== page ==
Since the beginning of the third wave of democratization in the late 1970s, Latin American party systems have confronted several challenges, and they have frequently been transformed. There have been various types of changes. While some systems collapsed in the 1990s (e.g., Venezuela and Peru), others realigned (Colombia, Chile, and Uruguay), or expanded (Argentina and Mexico), or were able to become consolidated and ensure their stability over time (e.g., Brazil). What factors explain the transformations in party systems during the past three decades, and how can Latin American party systems be classified according to their attributes? In trying to answer these questions, scholars of Latin America have undertaken studies that are both theoretically and empirically rich. Their work has increased our knowledge of the party systems and representative democracies in the region. Different factors have been highlighted in order to explain the changes these systems have undergone since the third wave of democratization. Some works emphasize the importance of institutional reforms introduced by politicians or by constitutional assemblies. The questions they address are the following: What political reforms have been introduced into Latin American political systems, and what effects have they had on the party systems in different countries? The researchers do not limit their attention to reforms of electoral systems. For example, some of them also study decentralization processes and their effects on party systems. From a different perspective, other authors focus on changes in electoral preferences and their effects on the configuration of political power, exploring how regional economic, political, and social changes have affected voter preferences and the political configuration of party systems. Still others consider the crises of democratic representation in these countries, underlining the decline in the programmatic character of parties as an explanatory variable for the crises and noting that the level of institutionalization of a party system declines when parties abandon this distinctive feature and become clientelistic or personalistic instead. On the other hand, in order to describe party systems and to observe the changes they have undergone, academics have proposed a set of concepts and measurements that make it possible to identify their levels of institutionalization (i.e., stability vs. volatility), nationalization, and programmatic structuration, among other aspects. The operationalization of these concepts has provided researchers with useful data for describing, comparing, and analyzing the party systems of the region transversely over time. Understanding the transformation and characteristics of Latin American party systems over time sheds light on both the progress democratic regimes have made and the setbacks they have suffered within specific countries and in the region at large.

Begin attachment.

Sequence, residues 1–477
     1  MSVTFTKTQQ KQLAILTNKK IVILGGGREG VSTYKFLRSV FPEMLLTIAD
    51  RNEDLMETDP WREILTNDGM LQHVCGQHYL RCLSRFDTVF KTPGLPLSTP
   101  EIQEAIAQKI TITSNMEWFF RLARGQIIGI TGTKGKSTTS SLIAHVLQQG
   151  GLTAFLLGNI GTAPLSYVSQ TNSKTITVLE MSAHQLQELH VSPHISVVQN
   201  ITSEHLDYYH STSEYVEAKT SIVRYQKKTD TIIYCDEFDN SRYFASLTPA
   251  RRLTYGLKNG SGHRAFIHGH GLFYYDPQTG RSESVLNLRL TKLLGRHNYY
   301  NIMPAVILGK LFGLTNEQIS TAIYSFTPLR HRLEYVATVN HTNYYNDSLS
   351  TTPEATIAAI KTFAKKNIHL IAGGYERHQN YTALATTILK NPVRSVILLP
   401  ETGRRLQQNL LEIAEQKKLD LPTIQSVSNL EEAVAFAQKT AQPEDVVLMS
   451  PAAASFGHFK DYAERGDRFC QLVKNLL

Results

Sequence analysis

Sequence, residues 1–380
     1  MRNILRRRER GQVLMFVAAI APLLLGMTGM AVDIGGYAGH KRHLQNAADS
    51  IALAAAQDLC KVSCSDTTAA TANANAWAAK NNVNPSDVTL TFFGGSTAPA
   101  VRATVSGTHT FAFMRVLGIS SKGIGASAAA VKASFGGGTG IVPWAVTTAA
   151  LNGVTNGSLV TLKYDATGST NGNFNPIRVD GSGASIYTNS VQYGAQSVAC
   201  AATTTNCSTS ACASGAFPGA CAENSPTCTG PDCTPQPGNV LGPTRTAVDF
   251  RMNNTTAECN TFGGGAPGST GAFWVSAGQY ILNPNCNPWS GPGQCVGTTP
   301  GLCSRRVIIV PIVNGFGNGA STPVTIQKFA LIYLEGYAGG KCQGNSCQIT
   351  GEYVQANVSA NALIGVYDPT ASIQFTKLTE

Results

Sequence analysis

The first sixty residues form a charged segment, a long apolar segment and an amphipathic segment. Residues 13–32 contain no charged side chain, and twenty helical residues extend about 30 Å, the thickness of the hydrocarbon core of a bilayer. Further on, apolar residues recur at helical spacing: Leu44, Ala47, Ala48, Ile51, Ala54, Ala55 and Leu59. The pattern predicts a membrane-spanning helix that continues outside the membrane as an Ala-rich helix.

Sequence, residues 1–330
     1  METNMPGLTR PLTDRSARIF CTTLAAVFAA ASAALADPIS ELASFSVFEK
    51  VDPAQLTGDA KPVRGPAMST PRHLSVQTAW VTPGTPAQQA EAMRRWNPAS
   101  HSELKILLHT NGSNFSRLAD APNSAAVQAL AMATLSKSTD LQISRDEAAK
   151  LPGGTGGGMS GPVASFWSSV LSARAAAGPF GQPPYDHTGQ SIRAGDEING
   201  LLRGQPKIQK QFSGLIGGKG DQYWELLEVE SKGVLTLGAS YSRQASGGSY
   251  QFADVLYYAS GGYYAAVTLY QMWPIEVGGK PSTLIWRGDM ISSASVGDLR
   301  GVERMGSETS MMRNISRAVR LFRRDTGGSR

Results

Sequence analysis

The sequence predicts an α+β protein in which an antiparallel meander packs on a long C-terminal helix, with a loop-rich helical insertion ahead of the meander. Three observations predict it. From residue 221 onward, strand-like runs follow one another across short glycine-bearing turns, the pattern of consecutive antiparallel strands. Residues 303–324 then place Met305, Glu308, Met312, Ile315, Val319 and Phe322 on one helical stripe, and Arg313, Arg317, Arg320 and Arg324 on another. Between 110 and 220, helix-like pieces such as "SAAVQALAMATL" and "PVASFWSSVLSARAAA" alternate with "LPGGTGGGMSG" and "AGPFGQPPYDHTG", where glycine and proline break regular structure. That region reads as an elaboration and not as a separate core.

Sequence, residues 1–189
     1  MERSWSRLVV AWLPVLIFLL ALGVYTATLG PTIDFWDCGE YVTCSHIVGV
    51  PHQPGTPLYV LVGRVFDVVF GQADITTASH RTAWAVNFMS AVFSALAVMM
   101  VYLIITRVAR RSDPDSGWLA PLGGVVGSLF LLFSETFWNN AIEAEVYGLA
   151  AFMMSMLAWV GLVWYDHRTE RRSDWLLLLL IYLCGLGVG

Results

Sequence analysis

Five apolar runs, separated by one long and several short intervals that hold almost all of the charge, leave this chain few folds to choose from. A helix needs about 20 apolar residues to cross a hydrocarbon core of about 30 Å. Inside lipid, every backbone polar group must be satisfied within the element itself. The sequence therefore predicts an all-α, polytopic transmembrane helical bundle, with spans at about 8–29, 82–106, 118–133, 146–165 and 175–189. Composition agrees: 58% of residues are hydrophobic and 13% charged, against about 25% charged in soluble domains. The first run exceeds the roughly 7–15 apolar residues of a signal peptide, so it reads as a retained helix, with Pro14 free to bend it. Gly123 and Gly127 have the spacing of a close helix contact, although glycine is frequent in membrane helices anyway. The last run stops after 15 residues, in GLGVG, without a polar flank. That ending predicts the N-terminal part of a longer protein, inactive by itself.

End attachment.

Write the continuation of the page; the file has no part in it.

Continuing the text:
Article

Morten Egeberg and Jarle Trondal